That Time The Soviet Union (Grudgingly) Turned To Free Markets To Save Its Collapsing Economy

Imagine an economy where there is no money. All currencies, mediums of exchange, and other intermediaries of trade no longer exist. Instead of having money, everyone is issued ration cards that dictate what goods they can have and in what quantities. Everything from food you buy to the clothes you wear to medicine you need are determined by your ration card. Imagine also that in this economy, there is no exchange. Everything is owned collectively and administered by the state. The production of all raw materials, capital, and consumers goods is undertaken by the state. There are no businessmen, because the state takes care of all business.

This hypothetical economy is not purely imaginary. An economy identical to the one I just described has existed before in history. From 1918-1921, the Soviet Union had such an economy, often referred to by historians as “War Communism”. It was a complete and unmitigated disaster. This is its story:

The Soviet Union and War Communism: 1917-1921

In 1917, the Bolsheviks seized power in Moscow after the deposition of the democratic provisional government which had replaced the Tzar. However, the Bolsheviks’ hold on power was far from secure. There was little affection anywhere for the Tzar, but there was no agreement on what form of government should replace the monarchy. Bolshevism had been on the rise for years, but ideas of democracy and liberalism were gaining popularity as well. Shortly after the 1917 revolution, the Russian Civil War broke out between the Reds, the Bolsheviks, and the Whites, a coalition of anti-Bolsheviks that were generally democratic.

Through the course of the civil war, the Bolsheviks gained more power and control over increasingly large amounts of Russia. With this control, they began to implement their Marxist economic ideas into reality. On January 28, 1918, it was decreed that all factories should be directed by state-appointed managers. In effect, this amounted to a near-complete nationalization of industry. In one fell swoop, the vast majority of the production of Russia’s consumer goods was now under the purview and direction of the state.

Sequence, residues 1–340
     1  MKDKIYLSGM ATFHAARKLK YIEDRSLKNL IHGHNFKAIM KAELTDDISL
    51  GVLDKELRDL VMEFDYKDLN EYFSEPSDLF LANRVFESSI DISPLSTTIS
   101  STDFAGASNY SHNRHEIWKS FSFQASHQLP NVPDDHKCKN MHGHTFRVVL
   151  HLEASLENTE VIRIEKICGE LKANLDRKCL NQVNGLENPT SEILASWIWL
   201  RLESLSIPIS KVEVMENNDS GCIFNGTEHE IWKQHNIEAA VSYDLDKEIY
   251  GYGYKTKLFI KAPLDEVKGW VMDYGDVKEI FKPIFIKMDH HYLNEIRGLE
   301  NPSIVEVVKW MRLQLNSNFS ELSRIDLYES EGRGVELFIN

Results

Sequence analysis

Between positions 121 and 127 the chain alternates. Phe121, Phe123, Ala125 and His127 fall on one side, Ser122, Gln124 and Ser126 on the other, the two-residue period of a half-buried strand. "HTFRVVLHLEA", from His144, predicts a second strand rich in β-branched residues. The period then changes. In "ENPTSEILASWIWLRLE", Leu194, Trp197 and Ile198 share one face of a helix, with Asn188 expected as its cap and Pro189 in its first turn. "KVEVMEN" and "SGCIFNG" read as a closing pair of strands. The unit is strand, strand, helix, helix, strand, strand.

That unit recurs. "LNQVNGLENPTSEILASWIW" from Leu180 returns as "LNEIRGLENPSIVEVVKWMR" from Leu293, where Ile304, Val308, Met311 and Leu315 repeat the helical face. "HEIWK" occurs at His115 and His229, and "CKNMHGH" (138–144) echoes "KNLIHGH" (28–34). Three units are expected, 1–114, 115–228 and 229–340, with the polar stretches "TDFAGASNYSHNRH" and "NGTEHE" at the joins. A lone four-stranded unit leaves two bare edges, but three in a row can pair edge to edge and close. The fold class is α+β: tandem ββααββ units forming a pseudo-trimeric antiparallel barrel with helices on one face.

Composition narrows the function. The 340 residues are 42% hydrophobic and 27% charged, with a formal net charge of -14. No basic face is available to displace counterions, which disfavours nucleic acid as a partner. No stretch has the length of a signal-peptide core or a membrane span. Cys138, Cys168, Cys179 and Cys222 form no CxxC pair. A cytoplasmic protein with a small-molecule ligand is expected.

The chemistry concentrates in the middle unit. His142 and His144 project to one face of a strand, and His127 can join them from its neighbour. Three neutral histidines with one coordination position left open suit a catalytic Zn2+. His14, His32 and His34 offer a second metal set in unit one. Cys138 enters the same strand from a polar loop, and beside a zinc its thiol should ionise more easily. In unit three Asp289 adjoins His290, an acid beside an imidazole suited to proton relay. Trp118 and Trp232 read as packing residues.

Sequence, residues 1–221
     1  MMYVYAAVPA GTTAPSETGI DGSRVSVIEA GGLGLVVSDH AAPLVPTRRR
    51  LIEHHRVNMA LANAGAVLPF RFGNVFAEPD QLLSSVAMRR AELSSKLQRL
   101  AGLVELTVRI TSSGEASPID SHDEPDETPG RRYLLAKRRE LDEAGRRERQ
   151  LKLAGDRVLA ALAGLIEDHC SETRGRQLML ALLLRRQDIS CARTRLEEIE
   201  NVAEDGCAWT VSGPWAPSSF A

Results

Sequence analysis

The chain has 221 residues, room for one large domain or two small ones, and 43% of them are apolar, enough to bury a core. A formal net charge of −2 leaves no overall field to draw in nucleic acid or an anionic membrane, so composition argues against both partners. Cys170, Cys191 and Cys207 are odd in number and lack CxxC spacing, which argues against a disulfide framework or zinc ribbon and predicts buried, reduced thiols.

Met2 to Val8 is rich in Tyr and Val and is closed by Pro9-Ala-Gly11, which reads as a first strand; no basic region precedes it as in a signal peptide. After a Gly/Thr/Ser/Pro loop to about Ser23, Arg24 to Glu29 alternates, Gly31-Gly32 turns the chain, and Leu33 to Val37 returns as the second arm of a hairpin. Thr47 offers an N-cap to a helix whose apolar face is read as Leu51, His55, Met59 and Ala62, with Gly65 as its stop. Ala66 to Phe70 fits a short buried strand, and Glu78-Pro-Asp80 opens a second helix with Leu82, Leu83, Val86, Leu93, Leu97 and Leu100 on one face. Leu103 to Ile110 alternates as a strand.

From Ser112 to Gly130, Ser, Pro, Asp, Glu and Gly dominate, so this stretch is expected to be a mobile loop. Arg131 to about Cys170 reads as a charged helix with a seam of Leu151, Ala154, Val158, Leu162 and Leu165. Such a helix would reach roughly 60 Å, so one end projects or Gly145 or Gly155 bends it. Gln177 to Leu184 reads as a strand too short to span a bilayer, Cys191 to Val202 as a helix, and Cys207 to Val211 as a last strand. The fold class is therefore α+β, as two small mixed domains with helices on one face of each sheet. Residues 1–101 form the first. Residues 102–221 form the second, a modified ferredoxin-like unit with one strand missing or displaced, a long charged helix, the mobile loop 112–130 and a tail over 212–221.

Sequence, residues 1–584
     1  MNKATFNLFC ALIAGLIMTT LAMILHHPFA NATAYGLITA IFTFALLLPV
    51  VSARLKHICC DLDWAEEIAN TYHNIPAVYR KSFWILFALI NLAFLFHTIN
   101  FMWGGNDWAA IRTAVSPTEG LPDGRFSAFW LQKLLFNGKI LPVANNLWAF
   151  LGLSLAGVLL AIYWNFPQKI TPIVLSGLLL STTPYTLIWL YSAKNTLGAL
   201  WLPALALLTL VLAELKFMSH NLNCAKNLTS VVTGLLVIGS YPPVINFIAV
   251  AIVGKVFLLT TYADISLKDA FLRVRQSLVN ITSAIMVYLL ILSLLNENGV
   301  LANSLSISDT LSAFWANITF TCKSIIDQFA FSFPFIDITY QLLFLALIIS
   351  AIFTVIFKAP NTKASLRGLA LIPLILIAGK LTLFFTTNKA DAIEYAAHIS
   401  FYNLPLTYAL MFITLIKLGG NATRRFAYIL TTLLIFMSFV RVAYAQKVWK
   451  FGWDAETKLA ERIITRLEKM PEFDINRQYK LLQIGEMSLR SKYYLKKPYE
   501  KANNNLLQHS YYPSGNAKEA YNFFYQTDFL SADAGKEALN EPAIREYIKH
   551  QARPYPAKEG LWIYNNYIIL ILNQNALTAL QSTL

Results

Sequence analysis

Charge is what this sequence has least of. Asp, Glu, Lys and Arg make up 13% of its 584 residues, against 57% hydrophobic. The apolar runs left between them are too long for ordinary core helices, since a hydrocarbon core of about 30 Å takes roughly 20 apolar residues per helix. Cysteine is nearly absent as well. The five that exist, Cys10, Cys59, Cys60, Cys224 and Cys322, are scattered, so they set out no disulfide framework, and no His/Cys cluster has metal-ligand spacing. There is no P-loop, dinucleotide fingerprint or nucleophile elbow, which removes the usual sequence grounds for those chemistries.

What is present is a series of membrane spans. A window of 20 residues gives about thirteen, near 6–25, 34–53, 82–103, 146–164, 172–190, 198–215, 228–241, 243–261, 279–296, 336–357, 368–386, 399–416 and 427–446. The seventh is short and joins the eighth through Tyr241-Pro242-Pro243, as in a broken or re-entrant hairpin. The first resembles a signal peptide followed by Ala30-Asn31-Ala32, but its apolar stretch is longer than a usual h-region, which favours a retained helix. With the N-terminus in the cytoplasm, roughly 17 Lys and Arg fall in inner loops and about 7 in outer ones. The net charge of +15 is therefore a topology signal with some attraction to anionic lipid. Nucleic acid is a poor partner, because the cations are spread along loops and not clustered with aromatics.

On May 9, 1918, a grain monopoly was announced over grain production in the country. All grain harvested across the country was now the property of the state. This was extended even further when a general food levy was announced in January 1919. Any and all food was now the property of the state. In addition, local farm authorities were no longer allowed to set the levy based on harvest estimates. In essence, the state would take however much it wanted from the peasants without any concern if they had enough food to feed themselves and their families.

It was at this point that large-scale forced rationing was introduced. Money was made worthless overnight as ration cards were mandated to the entire population. No longer could you buy whatever you wished with the money you had. The goods allocated for you were predetermined on your ration card.

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